In the Wake of the Flood


   Last week we covered “How to keep your pipes from freezing”, so this week we’ll talk about what to do if your pipes freeze anyway. So, how do you know if you’ve got frozen pipes? The first symptom is the most obvious, you turn on the tap and you have no water. You also might hear, as I did one night a few years ago the rushing sound of running water late at night when all are abed. You could also notice water dripping from the ceiling if you have plumbing overhead. It might seem counter-intuitive, but completely frozen pipes don’t leak. Unfortunately they also usually don’t stay frozen forever, and when they thaw, look out!

   When the flood comes, or hopefully before, it’s good to know where your shutoff valves are located. They are usually in the basement ceiling somewhere, so take a flashlight and figure out where they are and what they control. If you are lucky you may be able to shut off the water to the affected area without cutting off the entire house. When you get the water off follow the pipe to the wet spot and try to see what the problem is. When water freezes it expands and this expandtion has enough force to burst a pipe wide open. It also sometimes forces soldered joints apart without actually breaking the pipe. Conversely, plastic pipe though not as strong as metal sometimes has enough give in it to survive being frozen and thawed without damage.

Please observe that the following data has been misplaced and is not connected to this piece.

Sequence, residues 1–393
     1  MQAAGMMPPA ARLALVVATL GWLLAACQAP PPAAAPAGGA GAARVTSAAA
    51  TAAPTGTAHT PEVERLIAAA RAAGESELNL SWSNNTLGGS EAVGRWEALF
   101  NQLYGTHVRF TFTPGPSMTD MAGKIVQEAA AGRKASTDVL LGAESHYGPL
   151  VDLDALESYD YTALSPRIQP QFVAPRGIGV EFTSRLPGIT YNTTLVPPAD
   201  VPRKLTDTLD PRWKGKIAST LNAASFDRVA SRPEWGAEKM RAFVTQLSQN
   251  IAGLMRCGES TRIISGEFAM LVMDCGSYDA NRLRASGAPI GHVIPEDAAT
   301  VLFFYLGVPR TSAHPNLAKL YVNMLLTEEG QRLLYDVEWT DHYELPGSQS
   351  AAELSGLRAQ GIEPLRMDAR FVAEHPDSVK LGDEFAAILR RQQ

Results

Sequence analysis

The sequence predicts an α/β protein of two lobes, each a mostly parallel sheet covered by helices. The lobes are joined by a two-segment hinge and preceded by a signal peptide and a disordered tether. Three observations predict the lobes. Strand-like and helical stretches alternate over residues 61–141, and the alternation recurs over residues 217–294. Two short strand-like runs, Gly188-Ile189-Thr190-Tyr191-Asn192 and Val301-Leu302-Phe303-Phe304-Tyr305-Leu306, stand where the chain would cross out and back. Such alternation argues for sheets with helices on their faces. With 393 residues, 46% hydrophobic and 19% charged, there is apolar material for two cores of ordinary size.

The first thing to do when you locate the trouble is to thaw out the pipe, getting warm air to it with a portable heater often works, but is slow. Rags soaked in hot water will thaw pipes quickly, as will a hot air gun, or in a pinch, a hair dryer. Try to resist using a plumber’s torch to thaw pipes, there is just too much danger of setting your house on fire. If you don’t believe me just watch the local news.

   When you get the pipes thawed check them for damage, turn on the water slowly and have someone look for the telltale spray. If there appears to be no leak, you might have been lucky, but keep a lookout for hidden seepage. If you have an obvious leak access the size of the breach and you accessibility, which is often the critical factor. If you can’t get to the leak or can’t figure out how to fix it, you might have to call a plumber, but they are often backed up with calls during a cold snap. If you decide to tackle it yourself, there are several products that can work to get you water going again.

   If the pipe has a simple split in it, and there is room to work on it, epoxy putty, fiberglass repair patches or the new miracle fusing tape may stop the leak. Carefully follow the directions on these and they sometimes work, but I would consider them all temporary repairs just until you can do the job right. If you have a simple split in copper or plastic tubing cutting it out and putting in a coupler is a better choice, a soldered repair in copper, or a glue joint in plastic is the conventional choice, but there are other choices that can work especially if you don’t consider yourself much of a plumber.

   The other choices are either compression fittings that are tightened on the pipe with a wrench, or the newer push fittings that require no tools at all. Either of these are available in couplers or elbow fittings and can be used to put your pipes back together. As with all plumbing repairs, check carefully for leaks when you are finished, and be sure to re-do any temporary repairs when the weather gets better, Spring will be here before you know it. Well that’s it for today from the old hardware store.